The four Northland councils responded to the Commission's report Enhancing Local Government for Northland on 12 July 2018.
You can see the councils' response here: Northland councils' response
While the formal reorganisation process had concluded the Commission continued to work with the Northland councils in support of their efforts to enhance regional collaboration and explore the development of shared services.
In May 2018 the Commission made a series of recommendations to the Northland councils: Enhancing Local Government in Northland - Recommendations (.PDF, 321KB)
Having worked and liaised with Northland councils on shared services projects over the previous two years, the Local Government Commission decided in October 2017 not to issue a new draft reorganisation proposal for the region. While the Commission will continue to support councils’ efforts to develop such shared arrangements, this decision formally closed off the reorganisation process which started with the lodging of an application by the Far North District Council in December 2012.
While the Commission had decided not to proceed with the original reorganisation application, it did decide, however, to continue to work with the Northland councils to support their efforts to improve local governance and service delivery in the region and agreed it may in future issue further recommendations to the councils on how they might improve outcomes for their communities through better collaboration. The Commission noted it would do so under its general powers to consider and report on issues affecting local authorities and to promote good practice in local government.
The Commission agreed its further work should fit into the Northland councils’ existing strategic and shared services project. Councils would remain sponsors of the work streams, with the Commission looking to add value where it could. In this vein, the councils agreed to a four-waters (waste, storm, potable and flood management) study funded by the Commission, to arrive at a joint and agreed understanding of the state of the region’s, and each council’s, assets.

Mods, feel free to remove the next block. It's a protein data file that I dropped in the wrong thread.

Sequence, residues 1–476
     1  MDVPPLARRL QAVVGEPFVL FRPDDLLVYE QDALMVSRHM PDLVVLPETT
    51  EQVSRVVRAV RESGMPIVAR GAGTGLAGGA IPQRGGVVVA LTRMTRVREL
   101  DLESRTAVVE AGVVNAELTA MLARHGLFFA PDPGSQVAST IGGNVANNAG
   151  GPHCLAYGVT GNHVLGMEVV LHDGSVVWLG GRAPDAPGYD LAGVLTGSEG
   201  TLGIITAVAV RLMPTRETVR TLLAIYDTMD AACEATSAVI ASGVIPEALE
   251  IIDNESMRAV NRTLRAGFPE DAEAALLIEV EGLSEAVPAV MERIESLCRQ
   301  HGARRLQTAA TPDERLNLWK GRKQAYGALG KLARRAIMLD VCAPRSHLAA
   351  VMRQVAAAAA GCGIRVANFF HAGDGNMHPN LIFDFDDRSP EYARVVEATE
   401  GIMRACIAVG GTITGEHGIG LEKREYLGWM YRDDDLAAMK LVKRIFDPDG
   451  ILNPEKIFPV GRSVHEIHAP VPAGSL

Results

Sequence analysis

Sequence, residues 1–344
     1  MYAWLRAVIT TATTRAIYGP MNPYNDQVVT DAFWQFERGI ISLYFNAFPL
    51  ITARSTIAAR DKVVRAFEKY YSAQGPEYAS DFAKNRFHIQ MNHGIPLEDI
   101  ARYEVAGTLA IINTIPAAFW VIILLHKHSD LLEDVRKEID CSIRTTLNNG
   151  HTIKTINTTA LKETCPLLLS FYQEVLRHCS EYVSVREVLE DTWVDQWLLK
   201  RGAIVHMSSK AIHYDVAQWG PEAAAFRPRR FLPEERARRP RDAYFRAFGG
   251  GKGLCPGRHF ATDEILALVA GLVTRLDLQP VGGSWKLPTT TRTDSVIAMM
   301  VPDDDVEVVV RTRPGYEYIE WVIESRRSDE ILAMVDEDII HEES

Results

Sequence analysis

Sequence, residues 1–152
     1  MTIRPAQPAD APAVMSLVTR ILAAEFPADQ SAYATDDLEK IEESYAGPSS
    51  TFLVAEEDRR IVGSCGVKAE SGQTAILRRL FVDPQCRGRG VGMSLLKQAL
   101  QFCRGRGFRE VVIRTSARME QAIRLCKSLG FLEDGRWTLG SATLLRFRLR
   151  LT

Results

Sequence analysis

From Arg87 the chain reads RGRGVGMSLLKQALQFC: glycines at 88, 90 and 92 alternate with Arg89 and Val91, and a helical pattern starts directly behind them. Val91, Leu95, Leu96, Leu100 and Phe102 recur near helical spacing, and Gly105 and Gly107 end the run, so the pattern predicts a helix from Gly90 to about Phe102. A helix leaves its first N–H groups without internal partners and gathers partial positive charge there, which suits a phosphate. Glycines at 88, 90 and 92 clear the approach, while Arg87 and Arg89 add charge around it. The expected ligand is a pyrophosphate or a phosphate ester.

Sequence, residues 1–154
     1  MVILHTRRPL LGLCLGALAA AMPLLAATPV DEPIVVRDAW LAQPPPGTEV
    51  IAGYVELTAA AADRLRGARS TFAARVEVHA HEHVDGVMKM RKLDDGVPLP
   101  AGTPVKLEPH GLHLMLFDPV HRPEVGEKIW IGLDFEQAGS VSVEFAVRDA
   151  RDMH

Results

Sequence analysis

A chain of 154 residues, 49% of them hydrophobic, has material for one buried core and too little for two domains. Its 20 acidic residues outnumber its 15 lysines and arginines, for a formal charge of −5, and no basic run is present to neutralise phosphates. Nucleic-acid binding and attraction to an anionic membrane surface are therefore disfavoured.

April 2016: A Memorandum of Understanding between the Commission and councils was agreed around how the parties would work together across the shared services area and the Commission’s reorganisation process.
September 2016: Reports from consultants on the current state of water assets, covering drinking water, wastewater, stormwater and flood protection, and on the councils’ ICT architecture were presented to the Northland Chief Executives' Forum.
October 2017: Local Government Commission decides to not issue a new draft reorganisation proposal bringing the formal reorganisation process to an end.
In late 2012 the Far North District Council in association with a Far North District Local Government Working Group lodged a reorganisation application with the Local Government Commission. The application was for that council to become a unitary authority, a council with the powers of both a regional and district council.
The Commission decided that the applicant had supplied sufficient information for the application to be accepted and assessed. It also determined that the area, and its communities, affected by the application was the whole of the Northland Region.
The Commission then went through the subsequent process stages:
In June 2015 the Commission announced it would not proceed with a proposal for a unitary council in the Northland Region. It said it would return to the community and work with it to identify major challenges and the options for dealing with them.
The Commission considered the matters affecting existing local government arrangements in Northland were still ‘live issues’ and potentially continued to prevent the delivery of ‘good local government’. Its decision was therefore, in consultation with the affected councils and other statutory parties, to reconsider other options for change before coming to a final decision.
The Commission's decision was to abandon its proposal to create a single unitary authority in the region because of a clear lack of “demonstrable community support” and instead return to review other possible options. The Commission said it had listened to the Northland community and responded accordingly
The Commission’s main reason to not release a final proposal at that stage and also not abandon the process at that stage was that the Commission felt that the trends affecting local government in Northland may not be best managed by the current arrangements and the Commission would like to explore other options before making a final decision. The Commission accepted that there was insufficient support for its draft proposal, but it had no other preferred option in mind at that stage. It wished to consult further with the affected councils and other statutory parties.